Nesbitt Memorial Library Journal, Volume 2, Number 3, September, 1992 Page: 143
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The Epidemic of 1873, in Columbus, Texas
on the corner of Preston and Bowie streets, adjoining a large hide house, the stench from
which was very offensive; his residence was on Austin street, between Jackson and
The father of this young man was attacked on the 8th, and had fever
continuously until the 12th, when it abated, and he appeared to be convalescing well.
His bowels had not been moved since the 9th, and I ordered a mild purgative at bedtime,
which acted twice copiously in the morning of the 13th, and was succeeded by a return
of fever with irritable stomach, which did not yield until the 16th. No vomiting nor
jaundice. The son was attacked on the 15th, with a chill and fever which ran the usual
course, and I found him clear of fever on the morning of the 16th when I called to see
his father. Prescribed quinine, one half dram, ext. valerian, quantum sufficit [as much
as may be necessary]; make fifteen pills - one every two hours. The quinine was well
borne, but the chill and fever returned at the expiration of twenty-four hours from the
first one, and was marked by considerably more febrile heat than on the previous
occasion and decided tenderness in the bowels. Prescribed a saline purgative, to be
followed with quinine as before, as soon as the fever abated. Found him much better
on the morning of the 17th; continued quinine. 18th, had some fever during the
preceding night, but it had passed off with moderate perspiration. Complained of the
quinine nauseating his stomach and distressing his head. Directed its continuance at
intervals of three hours, instead of two.
On the morning of the 19th found my patient much worse; fever had returned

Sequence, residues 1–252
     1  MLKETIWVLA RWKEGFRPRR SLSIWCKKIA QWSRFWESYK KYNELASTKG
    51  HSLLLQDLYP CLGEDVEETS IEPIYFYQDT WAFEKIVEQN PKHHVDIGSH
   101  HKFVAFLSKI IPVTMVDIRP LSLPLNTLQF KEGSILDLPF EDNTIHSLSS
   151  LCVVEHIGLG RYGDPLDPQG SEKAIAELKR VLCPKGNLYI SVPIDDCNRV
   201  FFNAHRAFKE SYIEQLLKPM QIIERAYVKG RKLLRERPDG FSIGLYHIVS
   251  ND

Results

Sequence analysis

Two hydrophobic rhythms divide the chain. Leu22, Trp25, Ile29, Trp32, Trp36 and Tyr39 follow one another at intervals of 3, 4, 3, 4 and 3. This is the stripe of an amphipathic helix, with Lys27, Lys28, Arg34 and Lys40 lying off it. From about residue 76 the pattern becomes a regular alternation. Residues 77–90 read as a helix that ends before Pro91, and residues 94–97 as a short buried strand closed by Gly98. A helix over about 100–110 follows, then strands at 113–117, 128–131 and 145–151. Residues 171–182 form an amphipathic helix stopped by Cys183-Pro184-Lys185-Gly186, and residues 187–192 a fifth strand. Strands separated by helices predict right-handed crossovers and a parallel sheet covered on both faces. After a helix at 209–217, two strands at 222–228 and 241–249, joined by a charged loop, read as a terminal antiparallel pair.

during the night and increased until it had attained a very high grade; thirst excessive;
tongue large, red and glazed; retching and occasionally vomiting a little water and glairy
mucus. Prescribed turpentine emulsion, with spirits nitre.; ice freely, and a mustard
sinapism over the stomach. Saw him again in the evening. No abatement of fever;
vomiting a dark granulated material, mixed with a yellowish, serous looking fluid, and
complaining of great pain in his bowels. Discontinued the turpentine, prescribed syr.
rhei. aromat. and bicarb potass., and a cold compress over the stomach and bowels; ice.
20th. Fever abated considerably and vomiting arrested; pain in the bowels
still very severe; continued the rhubarb and potash until it acted freely, evacuating large
quantities of material similar to that ejected from the stomach the day before, except that
it was thicker.
On the morning of the 21st I found my patient feverish, restless, and with
some increase of pain in the bowels; urine scanty and very red; stomach quiet, however,
and I thought doing reasonably well. Directed a weak mustard plaster over his bowels,
and the acet. potass. mixture.
12 Editor's note: Though Dr. Harrison states that six people died on October 21, he gives seven
addresses where deaths occurred. Seven persons who are believed to have died of the fever on October 21
have been discovered: Daniel Webster Harcourt, Theodore Max Bernhard Harde, Mrs. Husk, Louis Merse-
burger, Prim, George Washington Smith, and Otway Weller. Smith, who had just turned 51, lived at the corner
of Washington and Travis Streets and thus was probably the man who "had an imperfect convalescence."
Since Husk is identified as "an Irish woman" in The Fayette County New Era of November 7, 1873, we can
assume that she was the woman who died on Crockett Street. Harde, who was 18 when he died, qualifies
as the young German. Because we know that his wife, Lue Ella, also died in the epidemic, and because Dr.
Harrison dutifully reports her death, we can assume that Harcourt was the man who died at the house on the
corner of Preston and Live Oak Streets. That leaves only Prim, about whom nothing is known, Weller, who
was the three year old son of Dr. Cyrus Ottway Weller, end Merseburger, the ten year old son of Henry
Merseburger. Because neither of the children is likely to have done so, Prim must have been the men who
died at the boarding house. Weller must have died either at the house on Jackson Street or at the corner of
Crockett and Travis. But, because Merseburger's death is apparently one of the six that Dr. Harrison assigned
to October 22 (see footnote 13), the seventh victim, if indeed there was one, is unknown.
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Nesbitt Memorial Library. Nesbitt Memorial Library Journal, Volume 2, Number 3, September, 1992, periodical, September 1992; Columbus, Texas. (texashistory.unt.edu/ark:/67531/metapth151386/m1/15/?q=nesbitt%20memorial%20library%20journal: accessed February 20, 2018), University of North Texas Libraries, The Portal to Texas History, texashistory.unt.edu; crediting Nesbitt Memorial Library.